A few days ago, ColleenRose Mastagni went to De Luxe Cleaners on McHenry Avenue to pick up – what else? – her dry cleaning order. After all, it’s not the kind of place you’d go to get a milkshake or your iPhone repaired.
The dry cleaning business has served customers since 1935, with second- and third-generation family members running it today. They clean and press clothes, adding starch upon request. They also offer services that include packaging wedding gowns, christening dresses and anything else customers want to preserve for future generations.
When Mastagni got to the counter, she saw a display of boxed, sealed and preserved wedding gowns and christening dresses. A longtime customer, she asked co-owner Pam Munthe why they were on display.
Their owners never returned to pick them up, Munthe told her. They’d paid a deposit to have them packaged – presumably for a daughter or granddaughter to wear at their own wedding or christening some day. Family heirlooms, you’d think. Think again.
One of the six abandoned wedding dresses has been there since the 1950s, co-owner Carl Gagliardi said. Maybe one from the 1960s or 1970s as well, based on the conditions and styles of the boxes, while one or two others have gone unclaimed for at least three years.
“We cleaned out the back room,” Munthe said. “Brooke (her daughter) said ‘Let’s display them.’ ”
Munthe said she’s spent years trying to find the owners, leaving phone messages and sending letters pleading with them to come in and pick up their possessions.
Each box represents a mystery as to why it was left unclaimed. Weddings can be huge and costly productions that involve sit-down dinners, renting expensive venues and hiring musicians or DJs. In fact, you might surmise that if as much planning and forethought went into some marriages as it did some weddings, marriage would have a higher success rate. They have become an industry, with tens of thousands of dollars dedicated to a single day and the “I do’s.”
Many women grow up envisioning that day and that perfect dress, which can cost as much as someone is willing to pay – and more.
So why, then, would someone go to all the trouble of taking the dress into De Luxe or any of the other cleaners in town, plopping down $100 of the $200 packaging fee (the remainder is paid when they pick it up) and then leaving such a precious garment in the rearview mirror?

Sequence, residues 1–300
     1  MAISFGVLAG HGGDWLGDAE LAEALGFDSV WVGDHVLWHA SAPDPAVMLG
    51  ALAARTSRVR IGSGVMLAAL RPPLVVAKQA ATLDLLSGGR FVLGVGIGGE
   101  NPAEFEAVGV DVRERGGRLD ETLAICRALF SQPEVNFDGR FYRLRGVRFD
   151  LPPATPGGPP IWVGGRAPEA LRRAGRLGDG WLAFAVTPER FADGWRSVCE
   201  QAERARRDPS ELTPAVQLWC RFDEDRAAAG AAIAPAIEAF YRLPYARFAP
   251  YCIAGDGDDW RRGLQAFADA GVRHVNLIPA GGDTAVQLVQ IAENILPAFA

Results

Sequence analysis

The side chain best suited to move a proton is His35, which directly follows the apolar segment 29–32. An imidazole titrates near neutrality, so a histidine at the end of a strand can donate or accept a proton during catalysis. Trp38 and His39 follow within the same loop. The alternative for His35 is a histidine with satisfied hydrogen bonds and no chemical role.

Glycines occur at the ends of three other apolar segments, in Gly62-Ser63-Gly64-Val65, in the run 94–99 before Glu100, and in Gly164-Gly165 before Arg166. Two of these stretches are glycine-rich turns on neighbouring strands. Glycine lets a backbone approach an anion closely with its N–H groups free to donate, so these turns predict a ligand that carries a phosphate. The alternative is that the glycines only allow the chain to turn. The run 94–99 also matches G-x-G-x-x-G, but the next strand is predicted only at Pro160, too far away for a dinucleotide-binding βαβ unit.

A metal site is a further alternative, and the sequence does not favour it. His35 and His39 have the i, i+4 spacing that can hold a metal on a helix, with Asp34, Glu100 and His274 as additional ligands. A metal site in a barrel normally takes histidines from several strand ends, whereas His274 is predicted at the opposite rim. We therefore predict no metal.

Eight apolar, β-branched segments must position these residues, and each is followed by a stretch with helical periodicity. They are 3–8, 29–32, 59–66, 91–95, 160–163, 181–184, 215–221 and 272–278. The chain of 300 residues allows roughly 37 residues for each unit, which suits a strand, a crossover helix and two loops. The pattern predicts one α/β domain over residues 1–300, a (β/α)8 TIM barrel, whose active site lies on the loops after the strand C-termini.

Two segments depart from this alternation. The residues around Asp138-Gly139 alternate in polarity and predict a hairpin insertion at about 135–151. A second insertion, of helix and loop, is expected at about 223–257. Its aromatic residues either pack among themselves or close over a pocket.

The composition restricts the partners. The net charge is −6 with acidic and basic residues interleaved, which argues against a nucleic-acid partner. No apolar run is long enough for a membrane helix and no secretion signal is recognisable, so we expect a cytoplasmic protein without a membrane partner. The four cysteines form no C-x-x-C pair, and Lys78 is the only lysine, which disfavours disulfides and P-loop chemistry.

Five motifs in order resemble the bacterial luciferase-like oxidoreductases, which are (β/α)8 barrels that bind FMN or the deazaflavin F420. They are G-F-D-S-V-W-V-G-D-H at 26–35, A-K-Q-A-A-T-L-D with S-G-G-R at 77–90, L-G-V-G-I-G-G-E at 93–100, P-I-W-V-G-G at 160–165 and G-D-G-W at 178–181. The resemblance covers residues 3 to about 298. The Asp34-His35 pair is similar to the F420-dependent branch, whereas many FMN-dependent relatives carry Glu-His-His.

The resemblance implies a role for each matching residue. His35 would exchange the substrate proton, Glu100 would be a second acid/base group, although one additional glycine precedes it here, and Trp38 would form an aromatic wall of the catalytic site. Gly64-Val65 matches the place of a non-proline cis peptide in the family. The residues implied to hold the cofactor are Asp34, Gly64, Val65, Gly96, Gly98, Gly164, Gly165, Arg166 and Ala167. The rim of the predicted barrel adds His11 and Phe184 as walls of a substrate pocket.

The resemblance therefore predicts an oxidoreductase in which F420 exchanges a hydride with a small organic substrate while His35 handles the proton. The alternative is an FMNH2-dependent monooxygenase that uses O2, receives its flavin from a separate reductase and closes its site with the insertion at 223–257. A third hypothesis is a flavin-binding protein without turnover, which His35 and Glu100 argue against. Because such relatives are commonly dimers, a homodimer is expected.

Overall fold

“I can’t believe it,” said Carl Gagliardi, Munthe’s dad and, with his wife Charlene, one of the co-owners. “Maybe they got divorced. Who knows? I don’t understand it.”
The boxes are numbered, with matching receipts on file. Other documentation might be inside each box, Gagliardi said, but they are sealed. Gagliardi and Munthe are hoping some of the dress owners will read this and come into claim what is rightfully theirs, bringing along the receipt or some proof of ownership – and the rest of the packaging fee payment, of course.
Otherwise, the dry cleaners will donate them to a local charity or to a group that collects and distributes wedding gowns to women either in the military or marrying someone in the military.
Wondering about the dresses, their owners and the story behind each certainly captivated Mastagni.
“Beads, feathers, sequins,” she said. “Beautiful. They are people’s history.”
She and husband Mike are the parents of 10-month-old Evelyn Rose, who will be christened in late June. When ColleenRose Mastagni saw one of the hand-knitted christening dress sets – probably more than 30 years old by the look of the packaging – she made an offer on it. Her great aunt from New York will make Evelyn Rose’s dress for the occasion, and can match it to the blanket, booties and bonnet from the old set.
Left behind, the set moved forward to become an adopted heirloom for a new family.
Meanwhile, the six wedding gowns and another christening dress are about to go out the door as well, to be used again on some big days.